Anyone who is paying taxes and is a hard-working person is concerned about 1. how his/her tax dollars are being spent and 2. crime in their own neighborhoods. Those are universal issues that every citizen, regardless of race, is interested in.

40 acres and a mule??? More stereotyping.
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Old 12-26-2008, 03:31 PM
 
Location: Up above the world so high!
45,270 posts, read 88,392,863 times
Reputation: 39856
Quote:
Originally Posted by anifani821 View Post
You know - your obvious attempts to take this discussion in a direction it was never intended - and to keep inflaming things w/ absurd comments such as "people are unable to emphathize w/ the socio-economic problems of people who have just begun to attain human rights in this country" - are past pathetic. I guess you are still looking for your 40 acres and a mule, and the rest of us have joined the 21st Century (or had you not noticed? We have a black President - and you are living in the New South).

Anyone who is paying taxes and is a hard-working person is concerned about 1. how his/her tax dollars are being spent and 2. crime in their own neighborhoods. Those are universal issues that every citizen, regardless of race, is interested in.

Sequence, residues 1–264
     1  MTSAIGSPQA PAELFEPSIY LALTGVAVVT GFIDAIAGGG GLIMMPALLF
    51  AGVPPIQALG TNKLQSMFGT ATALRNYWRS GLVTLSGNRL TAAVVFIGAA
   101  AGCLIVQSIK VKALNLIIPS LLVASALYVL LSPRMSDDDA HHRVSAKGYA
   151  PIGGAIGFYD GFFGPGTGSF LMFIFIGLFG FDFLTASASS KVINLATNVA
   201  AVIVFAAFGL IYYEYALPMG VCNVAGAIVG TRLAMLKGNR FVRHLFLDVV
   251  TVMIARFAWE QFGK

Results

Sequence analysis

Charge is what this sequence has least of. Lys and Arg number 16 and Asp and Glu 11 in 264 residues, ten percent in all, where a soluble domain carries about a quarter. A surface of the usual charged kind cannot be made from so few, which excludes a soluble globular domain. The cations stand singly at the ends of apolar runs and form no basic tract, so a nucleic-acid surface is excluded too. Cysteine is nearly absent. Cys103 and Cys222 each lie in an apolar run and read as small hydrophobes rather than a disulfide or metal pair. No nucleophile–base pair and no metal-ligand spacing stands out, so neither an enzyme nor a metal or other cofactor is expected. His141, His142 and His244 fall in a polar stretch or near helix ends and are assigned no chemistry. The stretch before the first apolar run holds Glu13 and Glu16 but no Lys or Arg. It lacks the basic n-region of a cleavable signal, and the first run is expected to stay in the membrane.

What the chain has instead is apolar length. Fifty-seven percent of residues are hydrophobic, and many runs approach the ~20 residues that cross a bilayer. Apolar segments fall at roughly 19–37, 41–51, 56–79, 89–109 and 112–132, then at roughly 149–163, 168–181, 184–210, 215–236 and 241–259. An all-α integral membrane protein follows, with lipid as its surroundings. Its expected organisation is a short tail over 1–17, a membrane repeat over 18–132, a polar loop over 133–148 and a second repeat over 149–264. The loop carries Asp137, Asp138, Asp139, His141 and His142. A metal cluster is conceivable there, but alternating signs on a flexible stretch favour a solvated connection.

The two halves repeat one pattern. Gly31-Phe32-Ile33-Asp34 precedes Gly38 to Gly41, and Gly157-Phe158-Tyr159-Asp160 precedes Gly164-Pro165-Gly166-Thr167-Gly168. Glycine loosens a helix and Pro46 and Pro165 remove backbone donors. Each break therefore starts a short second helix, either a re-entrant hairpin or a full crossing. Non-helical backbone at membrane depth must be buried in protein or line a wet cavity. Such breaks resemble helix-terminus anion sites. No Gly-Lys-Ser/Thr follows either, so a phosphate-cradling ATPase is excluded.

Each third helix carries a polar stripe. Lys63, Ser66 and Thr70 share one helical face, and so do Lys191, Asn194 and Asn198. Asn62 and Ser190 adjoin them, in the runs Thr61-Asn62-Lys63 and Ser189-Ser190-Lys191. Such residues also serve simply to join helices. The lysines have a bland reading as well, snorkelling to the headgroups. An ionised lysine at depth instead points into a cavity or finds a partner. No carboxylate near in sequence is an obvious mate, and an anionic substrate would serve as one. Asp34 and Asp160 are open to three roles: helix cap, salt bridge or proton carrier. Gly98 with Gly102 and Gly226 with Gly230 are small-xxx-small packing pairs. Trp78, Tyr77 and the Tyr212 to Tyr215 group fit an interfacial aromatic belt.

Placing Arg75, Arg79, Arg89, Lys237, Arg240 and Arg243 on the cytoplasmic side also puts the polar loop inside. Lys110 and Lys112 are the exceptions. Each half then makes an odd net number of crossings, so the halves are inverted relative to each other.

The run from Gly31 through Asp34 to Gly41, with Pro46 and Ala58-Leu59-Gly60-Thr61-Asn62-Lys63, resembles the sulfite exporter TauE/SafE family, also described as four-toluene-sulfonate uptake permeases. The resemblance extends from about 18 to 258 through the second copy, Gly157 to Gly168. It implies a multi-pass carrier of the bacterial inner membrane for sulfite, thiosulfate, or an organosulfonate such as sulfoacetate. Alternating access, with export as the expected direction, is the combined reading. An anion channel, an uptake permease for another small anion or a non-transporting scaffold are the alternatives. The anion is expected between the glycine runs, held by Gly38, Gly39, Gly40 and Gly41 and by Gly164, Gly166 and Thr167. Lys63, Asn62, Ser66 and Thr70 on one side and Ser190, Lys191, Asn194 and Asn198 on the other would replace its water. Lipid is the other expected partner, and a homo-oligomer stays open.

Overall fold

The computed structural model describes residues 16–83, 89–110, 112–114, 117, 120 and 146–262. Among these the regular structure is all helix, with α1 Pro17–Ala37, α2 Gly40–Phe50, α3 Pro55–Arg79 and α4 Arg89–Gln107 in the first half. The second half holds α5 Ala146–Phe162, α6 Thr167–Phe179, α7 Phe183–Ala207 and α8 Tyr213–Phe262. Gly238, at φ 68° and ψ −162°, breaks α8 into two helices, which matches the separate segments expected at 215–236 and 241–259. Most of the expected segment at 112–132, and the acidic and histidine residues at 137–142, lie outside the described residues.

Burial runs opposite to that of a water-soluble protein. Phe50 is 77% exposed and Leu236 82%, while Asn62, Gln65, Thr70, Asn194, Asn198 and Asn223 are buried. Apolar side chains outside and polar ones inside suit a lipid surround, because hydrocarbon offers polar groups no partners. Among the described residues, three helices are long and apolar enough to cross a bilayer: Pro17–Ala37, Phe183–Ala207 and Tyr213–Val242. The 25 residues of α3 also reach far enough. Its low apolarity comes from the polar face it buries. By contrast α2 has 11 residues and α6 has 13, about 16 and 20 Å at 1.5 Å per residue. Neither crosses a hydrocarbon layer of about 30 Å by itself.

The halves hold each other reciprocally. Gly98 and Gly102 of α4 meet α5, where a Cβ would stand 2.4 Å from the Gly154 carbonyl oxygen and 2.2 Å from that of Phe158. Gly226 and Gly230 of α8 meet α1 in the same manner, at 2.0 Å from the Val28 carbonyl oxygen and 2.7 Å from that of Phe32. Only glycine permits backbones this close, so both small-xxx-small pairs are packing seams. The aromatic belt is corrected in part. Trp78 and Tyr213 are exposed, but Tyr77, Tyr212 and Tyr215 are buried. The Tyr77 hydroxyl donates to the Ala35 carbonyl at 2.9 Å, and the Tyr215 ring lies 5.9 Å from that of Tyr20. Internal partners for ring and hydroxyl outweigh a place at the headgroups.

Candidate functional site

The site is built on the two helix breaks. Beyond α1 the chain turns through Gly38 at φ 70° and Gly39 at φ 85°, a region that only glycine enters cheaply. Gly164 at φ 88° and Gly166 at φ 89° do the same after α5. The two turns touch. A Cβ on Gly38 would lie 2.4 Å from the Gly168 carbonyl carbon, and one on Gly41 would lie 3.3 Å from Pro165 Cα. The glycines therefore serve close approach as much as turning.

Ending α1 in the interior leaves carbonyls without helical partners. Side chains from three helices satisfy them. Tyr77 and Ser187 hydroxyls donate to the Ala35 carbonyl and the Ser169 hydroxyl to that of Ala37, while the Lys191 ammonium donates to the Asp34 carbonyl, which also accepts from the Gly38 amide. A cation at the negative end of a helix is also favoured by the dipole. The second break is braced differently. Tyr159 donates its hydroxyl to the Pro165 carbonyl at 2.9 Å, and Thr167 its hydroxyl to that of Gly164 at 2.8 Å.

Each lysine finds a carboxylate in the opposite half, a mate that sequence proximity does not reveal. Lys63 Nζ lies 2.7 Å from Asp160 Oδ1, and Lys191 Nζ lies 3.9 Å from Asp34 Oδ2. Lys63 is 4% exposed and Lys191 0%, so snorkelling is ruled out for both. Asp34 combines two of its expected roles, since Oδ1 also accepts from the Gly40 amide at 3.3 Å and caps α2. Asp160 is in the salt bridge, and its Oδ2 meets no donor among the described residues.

Ani, I suggest we just ignore this trollish behavior where he continues to try to twist your words - carry on, you're doing just fine
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Old 12-26-2008, 03:33 PM
 
Location: Up above the world so high!
45,270 posts, read 88,392,863 times
Reputation: 39856
Quote:
Originally Posted by anifani821 View Post
I have been concerned with how developers have been able to come into Buncombe (and surrounding) counties and literally rape the countryside, pollute natural streams, top mountains and strain infrastructure. Yes, it increases tax revenue to allow building, but someone is not watching out for the environment . . . pretty sad.
As someone who really LOVES the mountains , I too am very concerned about over development of them. Some of what has been allowed by local government in Asheville is just plain wrong.
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Old 12-26-2008, 03:41 PM
 
Location: State of Being
35,885 posts, read 67,059,012 times
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Quote:
Originally Posted by metro.m View Post
40 acres and a mule??? More stereotyping.
Listen up. Your statement was blatantly incorrect. The socio-economic FACTS about this state are that more WHITE PEOPLE live in poverty in rural areas than BLACK PEOPLE who live in poverty in Charlotte. Poverty is NOT just an issue of RACE in this city. Poverty is an issue that affects all races in this state.

Last edited by brokensky; 12-26-2008 at 03:53 PM..
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Old 12-26-2008, 04:29 PM
 
Location: Charlotte,NC, US, North America, Earth, Alpha Quadrant,Milky Way Galaxy
3,769 posts, read 6,756,560 times
Reputation: 2109
Okay so I will say something after all
I'll say that what's been said by all the recent posters have been very accurate. Ani has made some good points, urban has also, both natives and both with a valid perspective on the way things were, are, and were they're headed. Usually the discussion goes off the tracks (and then over the cliff) because of over-sensitivity, which is valid. But what happens is that it then becomes a talking at each other as opposed to talking with each other.